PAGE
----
Yesterday was an interesting day in the homeschool, I'll tell you that. The kids were on after-lunch break and I had just settled down to work like mad on some planning for history lessons when I heard a roar from a crowd a quarter of the way around the world. I looked up to see the chimney in the video feed in the corner of my screen belching smoke. I called for the children and they came rushing down.
At one point they were singing "We just got a pope" to the tune of the Blue's Clues "we just got a letter" song.
+ + +
I had Facebook, Twitter, and IM going all at once -- oh, that was so much fun, all the tweeting and status-updating back and forth. Cracking stupid jokes about whether the conclave was peanut-free and #conclaveseagull and #reasonsthepopeislate (my favorite: he has to go through that really big packet from HR.)
+ + +
I was watching the vatican.va feed yesterday when Pope Francis came out for the first time, and so I watched the first speech in Italian, with no commentary whatsoever.
"Fratelli e sorelli -- buona sera..."
"Brothers and sisters -- good evening!" I whispered to the kids. After French, Latin, and Spanish, I can get that much. I also caught (mostly) the joke about the bishops going to the ends of the earth for their cardinal. We figured out pretty quickly what they were up to with the prayers and joined in in English.
Here's what I watched, and Vatican Radio's translation follows:
Brothers and sisters, good evening.
You all know that the duty of the Conclave was to give a bishop to Rome. It seems that my brother Cardinals have come almost to the ends of the Earth to get him ... but here we are. I thank you for the welcome that has come from the diocesan community of Rome.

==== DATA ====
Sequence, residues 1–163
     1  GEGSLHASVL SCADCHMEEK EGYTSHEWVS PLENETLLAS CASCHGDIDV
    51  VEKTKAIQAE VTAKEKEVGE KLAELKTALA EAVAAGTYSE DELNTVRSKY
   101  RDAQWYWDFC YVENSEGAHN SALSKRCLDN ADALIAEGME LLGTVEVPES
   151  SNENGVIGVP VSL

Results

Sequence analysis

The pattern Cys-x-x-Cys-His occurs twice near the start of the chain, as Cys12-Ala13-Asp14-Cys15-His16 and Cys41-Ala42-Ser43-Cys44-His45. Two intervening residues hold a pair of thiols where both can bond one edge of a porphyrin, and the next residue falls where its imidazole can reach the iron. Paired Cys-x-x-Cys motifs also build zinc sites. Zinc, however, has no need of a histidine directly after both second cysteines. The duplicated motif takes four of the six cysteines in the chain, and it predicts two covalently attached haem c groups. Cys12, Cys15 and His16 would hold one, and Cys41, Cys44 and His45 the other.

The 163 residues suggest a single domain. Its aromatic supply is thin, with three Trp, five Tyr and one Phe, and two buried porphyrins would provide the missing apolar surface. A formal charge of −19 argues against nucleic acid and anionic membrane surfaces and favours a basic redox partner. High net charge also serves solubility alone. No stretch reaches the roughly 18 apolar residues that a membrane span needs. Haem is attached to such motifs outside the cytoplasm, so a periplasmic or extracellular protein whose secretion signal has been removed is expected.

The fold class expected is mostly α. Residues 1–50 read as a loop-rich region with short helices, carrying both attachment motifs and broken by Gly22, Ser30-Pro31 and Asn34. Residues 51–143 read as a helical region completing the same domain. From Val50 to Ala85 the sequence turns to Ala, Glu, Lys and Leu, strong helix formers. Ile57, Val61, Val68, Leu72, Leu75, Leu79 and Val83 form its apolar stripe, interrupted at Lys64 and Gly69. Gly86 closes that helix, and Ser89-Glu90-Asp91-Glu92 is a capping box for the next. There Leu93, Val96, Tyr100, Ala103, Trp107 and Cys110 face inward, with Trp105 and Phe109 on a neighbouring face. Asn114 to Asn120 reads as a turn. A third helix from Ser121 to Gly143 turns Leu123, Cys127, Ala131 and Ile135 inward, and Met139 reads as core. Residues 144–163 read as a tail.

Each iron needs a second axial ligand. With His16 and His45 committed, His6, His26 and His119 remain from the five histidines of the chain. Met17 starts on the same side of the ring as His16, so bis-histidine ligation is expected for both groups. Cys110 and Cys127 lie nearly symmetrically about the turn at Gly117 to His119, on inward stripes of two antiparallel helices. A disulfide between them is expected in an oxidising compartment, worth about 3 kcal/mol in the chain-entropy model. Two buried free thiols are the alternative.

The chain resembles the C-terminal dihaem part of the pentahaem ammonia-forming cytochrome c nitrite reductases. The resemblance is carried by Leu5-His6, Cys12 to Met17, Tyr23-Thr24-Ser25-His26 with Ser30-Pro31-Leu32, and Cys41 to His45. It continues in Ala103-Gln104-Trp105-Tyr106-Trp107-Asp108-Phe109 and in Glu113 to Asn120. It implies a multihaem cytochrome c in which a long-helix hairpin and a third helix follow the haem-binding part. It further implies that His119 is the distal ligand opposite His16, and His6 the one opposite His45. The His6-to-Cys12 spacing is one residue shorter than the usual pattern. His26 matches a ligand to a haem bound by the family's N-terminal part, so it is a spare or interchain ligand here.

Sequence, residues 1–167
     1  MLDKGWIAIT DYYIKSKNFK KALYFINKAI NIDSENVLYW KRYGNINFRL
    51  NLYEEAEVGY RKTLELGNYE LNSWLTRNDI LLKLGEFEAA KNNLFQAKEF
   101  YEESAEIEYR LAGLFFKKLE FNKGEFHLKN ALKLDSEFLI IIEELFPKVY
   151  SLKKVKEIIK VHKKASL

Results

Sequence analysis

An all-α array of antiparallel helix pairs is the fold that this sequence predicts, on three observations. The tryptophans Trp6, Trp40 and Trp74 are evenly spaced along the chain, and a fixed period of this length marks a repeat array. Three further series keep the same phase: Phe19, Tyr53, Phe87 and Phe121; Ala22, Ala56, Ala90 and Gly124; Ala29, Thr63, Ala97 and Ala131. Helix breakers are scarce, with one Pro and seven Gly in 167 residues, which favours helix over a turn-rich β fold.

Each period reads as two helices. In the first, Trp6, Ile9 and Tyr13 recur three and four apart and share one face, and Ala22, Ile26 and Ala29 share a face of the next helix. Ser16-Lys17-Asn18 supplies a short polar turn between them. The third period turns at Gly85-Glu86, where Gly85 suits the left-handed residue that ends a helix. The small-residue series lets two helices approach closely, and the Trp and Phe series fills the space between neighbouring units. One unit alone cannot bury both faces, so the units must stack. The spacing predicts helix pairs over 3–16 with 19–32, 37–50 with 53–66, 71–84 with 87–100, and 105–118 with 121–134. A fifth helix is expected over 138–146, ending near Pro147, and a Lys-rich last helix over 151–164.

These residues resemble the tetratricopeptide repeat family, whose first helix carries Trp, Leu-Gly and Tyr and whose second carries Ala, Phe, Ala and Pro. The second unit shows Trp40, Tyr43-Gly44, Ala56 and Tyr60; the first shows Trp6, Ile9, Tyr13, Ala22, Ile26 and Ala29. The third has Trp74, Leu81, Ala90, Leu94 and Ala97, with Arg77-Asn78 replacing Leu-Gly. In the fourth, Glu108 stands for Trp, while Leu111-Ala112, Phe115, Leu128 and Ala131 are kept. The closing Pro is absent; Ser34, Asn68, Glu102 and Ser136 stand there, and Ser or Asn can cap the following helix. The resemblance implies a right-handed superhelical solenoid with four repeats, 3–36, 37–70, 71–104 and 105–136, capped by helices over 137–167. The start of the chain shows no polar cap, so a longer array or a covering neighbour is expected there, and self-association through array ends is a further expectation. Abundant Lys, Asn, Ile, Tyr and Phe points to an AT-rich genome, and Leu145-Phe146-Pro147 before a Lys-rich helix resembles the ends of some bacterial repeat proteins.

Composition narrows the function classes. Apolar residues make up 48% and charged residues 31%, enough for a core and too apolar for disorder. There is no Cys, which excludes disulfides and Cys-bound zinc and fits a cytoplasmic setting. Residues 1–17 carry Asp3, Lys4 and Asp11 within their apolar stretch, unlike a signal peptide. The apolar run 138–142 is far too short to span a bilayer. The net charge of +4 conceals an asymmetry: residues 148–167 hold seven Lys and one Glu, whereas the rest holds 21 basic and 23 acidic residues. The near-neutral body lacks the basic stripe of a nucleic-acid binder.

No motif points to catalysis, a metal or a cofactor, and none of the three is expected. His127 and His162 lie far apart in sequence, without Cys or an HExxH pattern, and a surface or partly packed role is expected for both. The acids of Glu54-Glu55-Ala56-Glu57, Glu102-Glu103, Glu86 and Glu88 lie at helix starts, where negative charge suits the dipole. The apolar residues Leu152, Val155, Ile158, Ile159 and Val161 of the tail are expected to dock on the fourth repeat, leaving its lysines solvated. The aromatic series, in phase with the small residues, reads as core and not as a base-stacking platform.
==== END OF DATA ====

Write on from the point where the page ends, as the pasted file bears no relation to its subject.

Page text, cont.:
First of all, I would say a prayer: Pray for our Bishop Emeritus Benedict XVI ... Let us all pray together for him, that the Lord bless him and Our Lady protect him.
Our Father ...Hail Mary ...Glory to the Father ...
And now let us begin this journey, the Bishop and people, this journey of the Church of Rome, which presides in charity over all the Churches, a journey of brotherhood in love, of mutual trust. Let us always pray for one another. Let us pray for the whole world that there might be a great sense of brotherhood. My hope is that this journey of the Church that we begin today, together with help of my Cardinal Vicar, be fruitful for the evangelization of this beautiful city.
And now I would like to give the blessing, but first I want to ask you a favor. Before the bishop blesses the people, I ask that you would pray to the Lord to bless me — the prayer of the people for their Bishop. Let us say this prayer — your prayer for me — in silence.
There was more -- the blessing Urbi et Orbi -- but the video I have stops there, alas.
+ + +
That weird little smile. He looks downright bemused, doesn't he? Like the pope hat doesn't fit quite right. This went around yesterday:
+ + +
This is my favorite cellphone video from the crowd:
I love the news going through the crowd: "Argentina!" (Italian accent) followed by "Argentina?! A South American!" in an obviously North American accent followed by "Ar-hen-tin-a!" by the exuberant and apparently Spanish-speaking man behind the videographer.
+ + +
We don't know a whole lot about this man yet, but I'm sure some details will come out in the next few days.
At the moment, I would just like to point out that horror is emanating from all the right places.
And no, I don't just mean the let's-have-women-priests-and-contraception bunch. A friend of mine messaged me yesterday to point out that the uber-traditionalists are also horrified at the new pope's ecumenism, at the S.J. after his name, and a number of other things.
Any pope that has the uber-progressives AND the uber-traditionalists foaming at the mouth, and -- what's more important -- the journalists confused, is probably not so bad.
+ + +
We don't know very much yet. But I know this: the Spirit is in charge, and we can trust a Spirit that managed to get us through the Borgia popes. I think He can handle an elderly Argentinian soccer fan for a little while.